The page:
Gene Myers is on his way through West Virginia, apologizing from time to time for the intermittent cell phone reception on his cross-country drive, but mainly concentrating on his new job as a full tenured professor in the department of computer science at the University of California, Berkeley.
For Myers, 49, the drive is as much a part of the transition as his many interviews with various university committees. “It’s become a ritual to drive to the next place,” he says, recalling his last such drive four years ago when he headed from the University of Arizona to Celera in Rockville, Md. “It just gives me a chance to think about what happened, and what I want to do in the new place. It’s a kind of meditation.” He travels light — “a couple of pillows, some boxes of books, and some suitcases,” he says. That, and one luxury item: his precious G4 with the $3,000 flat-screen monitor he indulged in.
He’ll have plenty of time to meditate during the 10-day excursion — five days for driving, five for visiting family and friends along the way: in Kansas City and Santa Fe, among other stops.
Myers’ announcement that he was leaving Celera — though he will remain a part-time advisor to Applied Biosystems — came late last fall. The former die-hard academic, who spent 18 years in Tucson before moving to the DC area (“I thought I was going to retire there,” he recalls), says the private-sector experience was definitely worth it. “I had the typical academic’s view of the commercial world,” he recalls. “I don’t have that anymore. I have much more respect for what goes on.”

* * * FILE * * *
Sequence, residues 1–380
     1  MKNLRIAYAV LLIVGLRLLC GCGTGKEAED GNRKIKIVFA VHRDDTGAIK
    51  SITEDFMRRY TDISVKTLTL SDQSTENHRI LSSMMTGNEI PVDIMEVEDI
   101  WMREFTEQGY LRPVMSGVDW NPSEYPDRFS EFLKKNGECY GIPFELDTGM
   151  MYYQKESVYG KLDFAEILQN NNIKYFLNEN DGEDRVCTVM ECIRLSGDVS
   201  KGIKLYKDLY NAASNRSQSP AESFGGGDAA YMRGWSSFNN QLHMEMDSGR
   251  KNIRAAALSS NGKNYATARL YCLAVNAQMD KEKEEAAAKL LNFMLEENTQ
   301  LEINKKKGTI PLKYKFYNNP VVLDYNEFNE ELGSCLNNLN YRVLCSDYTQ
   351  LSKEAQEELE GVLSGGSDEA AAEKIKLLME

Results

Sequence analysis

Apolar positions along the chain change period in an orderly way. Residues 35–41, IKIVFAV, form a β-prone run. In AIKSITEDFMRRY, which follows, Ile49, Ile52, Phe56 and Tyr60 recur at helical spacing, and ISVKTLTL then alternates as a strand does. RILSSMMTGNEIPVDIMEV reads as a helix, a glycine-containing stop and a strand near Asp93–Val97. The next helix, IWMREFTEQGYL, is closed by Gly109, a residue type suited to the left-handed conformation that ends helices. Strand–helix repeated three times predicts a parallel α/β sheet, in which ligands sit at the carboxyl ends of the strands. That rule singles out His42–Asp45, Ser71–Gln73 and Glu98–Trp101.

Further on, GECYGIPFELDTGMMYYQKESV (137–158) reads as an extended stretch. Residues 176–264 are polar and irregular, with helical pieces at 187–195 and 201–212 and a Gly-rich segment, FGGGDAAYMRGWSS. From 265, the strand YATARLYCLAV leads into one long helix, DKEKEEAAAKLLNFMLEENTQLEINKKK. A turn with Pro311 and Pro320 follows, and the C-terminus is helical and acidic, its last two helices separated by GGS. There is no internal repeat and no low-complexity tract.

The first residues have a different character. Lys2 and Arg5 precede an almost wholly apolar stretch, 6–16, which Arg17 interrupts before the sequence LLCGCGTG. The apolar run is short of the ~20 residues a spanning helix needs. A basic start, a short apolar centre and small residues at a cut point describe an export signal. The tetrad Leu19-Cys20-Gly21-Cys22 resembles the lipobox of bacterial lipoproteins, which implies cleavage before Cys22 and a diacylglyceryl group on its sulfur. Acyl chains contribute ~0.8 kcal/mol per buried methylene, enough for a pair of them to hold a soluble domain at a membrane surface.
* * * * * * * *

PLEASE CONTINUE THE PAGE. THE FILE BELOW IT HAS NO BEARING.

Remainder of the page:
Still, the lure of the academic world didn’t diminish. During one of his visits to California for interviews, “I went and had coffee in one of the cafés before class. I can’t tell you how wonderful that was: it was like, kids, school, university. I love this.”
Myers, who anticipates his appointment stretching over into the biology department as well, says he’s going to Berkeley “to decode the cell. I think we’re truly on the precipice at this point of being able to get a complete picture of cells as machines.” But the tools lag behind what science dreams of: “It won’t happen with the current technologies,” he says. He’ll work with the Center for Integrative Genomics and the nearby Joint Genome Institute, as well as set up his own research group and, with any luck, his own lab.
The return to academia ends “the clear mission” of Celera — to implement whole-genome shotgun sequencing and sequence the human genome. “It was all very clear where we were going,” he says. “Scientifically, I don’t think it’s as clear anymore. I know what the goal is, but I don’t see the path.”
One of Myers’ goals is to start a lab where “confirmation of in silico predictions” is a natural part of the scientific process. “If you stop at the in silico prediction, you’re not going all the way. You have to go all the way,” he says.
And his interlude with the private sector? No regrets, except “it would’ve been nice to have made a little money,” he says. “The market crashed too soon.” And while he can’t wait to get back to the university setting, don’t count Myers out of the commercial side forever. “You may see me in a suit again,” he says. “But not for a while.”
— Meredith Salisbury